Tomsula loves seeing the streets of Croydon, says Okoye is “great role model”

Jim Tomsula


by Andrew McSteen

San Francisco 49ers Defensive Line Coach Jim Tomsula talked to A Head For The Game in the locker room following his sides’ 42-10 victory against the Jacksonville Jaguars this evening at Wembley.

A Head for the Game: What’s it like being back in London?
It’s wonderful – I love being over here obviously. We were actually in Croydon on Friday evening and we got to go over and see Coach Allen and Gerry over with the London Warriors so that was a big deal so we then went down and had dinner down on the main road, so it was a great time just to get back and see the streets.

Tony Allen is a personal friend, a dear friend. He’s a man I trust, a man of integrity who cares about the kids. I admire the way he looks at the game; through the kids’ eyes – he wants to get the kids involved.

The link with Europe and football – my dream is to someday come back to Europe and coach football. It’s here, the people are here to play the game and I just think it’s an awesome game and that there’s a place for everybody in the game.

So to come back, get it going and to have the kids involved – it’s a dream for me.

A Head for the Game: What are your initial thoughts on Brit-prospect Lawrence Okoye?
I do know that people are watching him closely and I hope kids are looking up to him because I think he’s the full package.

He’s a gentleman. He’s a courageous person.

He’s obviously brilliant with the smarts and the academics but he’s the right kind of guy. He’s the kind of guy you pull for. You want him to make it. You want this to work.

I am very optimistic and if it didn’t work out it wouldn’t be because of him; he’s working at it. He is the guy who you want…he’s a great role model for kids and at the end of the day, we are our youth.

A Head for the Game: How has Lawrence been involved this season?
He’s there on the sidelines, but he’s involved. He has specific things every game he has to watch. He’s doing a lot of learning. He’s there while we make adjustments, so he’s learning that; that experience you can’t get unless you’re down there on the side of the field – that’s why he’s here.

Lawrence is on our injured reserve and for a lot of teams the injured reserved player wouldn’t come to the matches but he’s here and it’s important for him to be a part of it as he goes along.

Our ownership and organisation are committed and are giving him a fair chance to do this.

A Head for the Game: Tell us about your experience over in England and mainland Europe with NFL Europe..
That was an unbelievable time in my family’s life. My children grew up here – half a year in Europe, Scotland, half a year but they were too young to experience it at 3 and 1. They went to school in Glasgow, then in Germany.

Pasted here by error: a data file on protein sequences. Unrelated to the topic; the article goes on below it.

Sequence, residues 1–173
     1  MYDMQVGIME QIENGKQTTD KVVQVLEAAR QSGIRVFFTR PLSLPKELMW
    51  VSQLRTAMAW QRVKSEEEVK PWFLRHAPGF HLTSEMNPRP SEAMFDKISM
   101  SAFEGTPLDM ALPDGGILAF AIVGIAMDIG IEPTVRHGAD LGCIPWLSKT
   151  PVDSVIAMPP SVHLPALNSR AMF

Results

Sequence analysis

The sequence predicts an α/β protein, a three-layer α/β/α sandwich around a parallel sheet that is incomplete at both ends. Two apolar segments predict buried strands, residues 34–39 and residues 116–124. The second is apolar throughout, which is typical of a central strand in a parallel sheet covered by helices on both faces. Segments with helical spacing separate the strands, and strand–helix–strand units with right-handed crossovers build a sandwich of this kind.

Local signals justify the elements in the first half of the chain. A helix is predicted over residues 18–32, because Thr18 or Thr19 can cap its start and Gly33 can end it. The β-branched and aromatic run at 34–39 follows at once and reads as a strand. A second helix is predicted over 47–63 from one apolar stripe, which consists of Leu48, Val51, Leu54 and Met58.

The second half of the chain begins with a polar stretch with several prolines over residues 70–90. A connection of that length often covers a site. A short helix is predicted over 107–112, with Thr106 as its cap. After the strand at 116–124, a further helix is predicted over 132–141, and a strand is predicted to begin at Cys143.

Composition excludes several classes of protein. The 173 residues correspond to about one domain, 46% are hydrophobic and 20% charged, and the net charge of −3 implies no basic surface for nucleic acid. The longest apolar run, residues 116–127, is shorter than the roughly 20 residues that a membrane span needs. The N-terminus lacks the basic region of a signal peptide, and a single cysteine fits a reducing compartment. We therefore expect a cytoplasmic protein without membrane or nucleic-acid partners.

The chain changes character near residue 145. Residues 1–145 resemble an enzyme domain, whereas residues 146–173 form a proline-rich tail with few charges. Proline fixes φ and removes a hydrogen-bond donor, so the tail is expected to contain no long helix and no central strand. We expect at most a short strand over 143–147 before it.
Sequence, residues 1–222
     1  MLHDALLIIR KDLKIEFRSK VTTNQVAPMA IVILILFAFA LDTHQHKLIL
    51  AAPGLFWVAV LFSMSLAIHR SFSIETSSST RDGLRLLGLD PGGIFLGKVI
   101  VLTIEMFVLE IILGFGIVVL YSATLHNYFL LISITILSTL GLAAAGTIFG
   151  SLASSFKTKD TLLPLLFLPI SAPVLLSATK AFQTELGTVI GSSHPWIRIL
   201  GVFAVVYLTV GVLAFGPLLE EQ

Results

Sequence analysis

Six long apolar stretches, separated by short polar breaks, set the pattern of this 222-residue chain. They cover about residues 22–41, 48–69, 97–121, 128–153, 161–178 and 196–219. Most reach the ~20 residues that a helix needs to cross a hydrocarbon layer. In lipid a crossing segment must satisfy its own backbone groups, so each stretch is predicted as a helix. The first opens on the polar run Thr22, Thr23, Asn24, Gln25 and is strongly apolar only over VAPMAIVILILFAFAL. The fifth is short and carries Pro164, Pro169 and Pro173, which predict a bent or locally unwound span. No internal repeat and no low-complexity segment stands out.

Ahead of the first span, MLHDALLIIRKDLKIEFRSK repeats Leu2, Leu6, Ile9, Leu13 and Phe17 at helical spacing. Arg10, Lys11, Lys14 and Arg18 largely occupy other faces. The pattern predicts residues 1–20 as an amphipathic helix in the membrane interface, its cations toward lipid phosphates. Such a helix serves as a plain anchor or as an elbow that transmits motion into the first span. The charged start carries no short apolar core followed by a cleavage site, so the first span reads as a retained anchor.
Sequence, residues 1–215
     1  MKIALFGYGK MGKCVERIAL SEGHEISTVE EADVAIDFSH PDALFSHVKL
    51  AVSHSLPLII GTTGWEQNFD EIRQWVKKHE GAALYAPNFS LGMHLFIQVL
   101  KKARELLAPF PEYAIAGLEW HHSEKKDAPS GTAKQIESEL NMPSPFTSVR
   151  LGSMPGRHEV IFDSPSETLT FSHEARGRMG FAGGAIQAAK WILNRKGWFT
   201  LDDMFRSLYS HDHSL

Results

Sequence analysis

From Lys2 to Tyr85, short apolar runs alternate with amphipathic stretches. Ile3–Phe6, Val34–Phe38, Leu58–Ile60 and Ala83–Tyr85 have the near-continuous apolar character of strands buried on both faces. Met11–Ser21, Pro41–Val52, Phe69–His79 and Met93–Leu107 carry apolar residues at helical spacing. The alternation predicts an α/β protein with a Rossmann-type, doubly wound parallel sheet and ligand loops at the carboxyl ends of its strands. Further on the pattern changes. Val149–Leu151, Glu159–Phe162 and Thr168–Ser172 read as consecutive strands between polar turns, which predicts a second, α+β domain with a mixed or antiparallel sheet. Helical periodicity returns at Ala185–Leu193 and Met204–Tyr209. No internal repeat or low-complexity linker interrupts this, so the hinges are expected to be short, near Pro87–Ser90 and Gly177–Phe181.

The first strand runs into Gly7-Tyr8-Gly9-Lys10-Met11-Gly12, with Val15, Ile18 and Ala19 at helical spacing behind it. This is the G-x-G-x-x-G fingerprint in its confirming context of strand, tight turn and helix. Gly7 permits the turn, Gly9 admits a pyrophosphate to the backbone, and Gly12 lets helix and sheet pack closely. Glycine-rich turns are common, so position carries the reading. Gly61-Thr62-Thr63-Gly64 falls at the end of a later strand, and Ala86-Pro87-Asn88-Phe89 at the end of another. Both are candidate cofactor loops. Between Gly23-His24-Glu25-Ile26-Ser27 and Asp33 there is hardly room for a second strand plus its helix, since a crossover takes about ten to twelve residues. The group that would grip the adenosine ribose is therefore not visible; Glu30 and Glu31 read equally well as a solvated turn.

The biggest thing you take away from [the Europe experience] it is that different isn’t wrong. It’s just different.

In the States it is such a vast place you don’t venture to other countries and other cultures, so when you do that through football you get to experience all of these people, great people, wonderful people and you walk away from it with a good, solid feeling about mankind.

A Head for the Game: You work a lot in the community and with young people both whilst the season is on and in pre-season, why is that important for you?
In the NFL, the one thing you are proud of, specifically our organisation – the 49ers, is that everyone is so committed to the youth. They are so committed to the kids.

Our ownership has a saying ‘keeping kids safe, on track and in school’, and they do so much that way and we are able to be part of it through the clinics that we do, which my wife handles – I just show up and do them.

It’s great being around kids. I get to go and just be around kids and I happen to like kids. I think kids are awesome.

A Head for the Game: Europe and London is obviously very close to your heart, do you get chance to visit often?
We’ve had plans every year to come back to England – the whole family. This year what we’re trying to do, as our daughter goes to school in Switzerland, is planning on putting something together with the first stop London and then we might venture up to Glasgow and see some old friends.

A Head for the Game: What were you main memories of your time in London?
I was working, so I didn’t see as much as my wife and kids. My wife jumped on the tube and went anywhere she needed to go.

They went everywhere on the tube – they would wake up in the morning, have breakfast and take a bus down to the tube and get going.

My overriding memory – all my memories – always revolve around people. Just the people in Croydon – the people at the Hilton Hotel, across from the airport; the ladies that worked downstairs.

I’d come in from a late night and they’d have the kids behind the desk, acting like they were working. We met so many wonderful people.  Being down at the pool on a Friday ahead of a home game I’d have some time and the people would come in and you’d chat it up and have a swim – we were just surrounded by good people.

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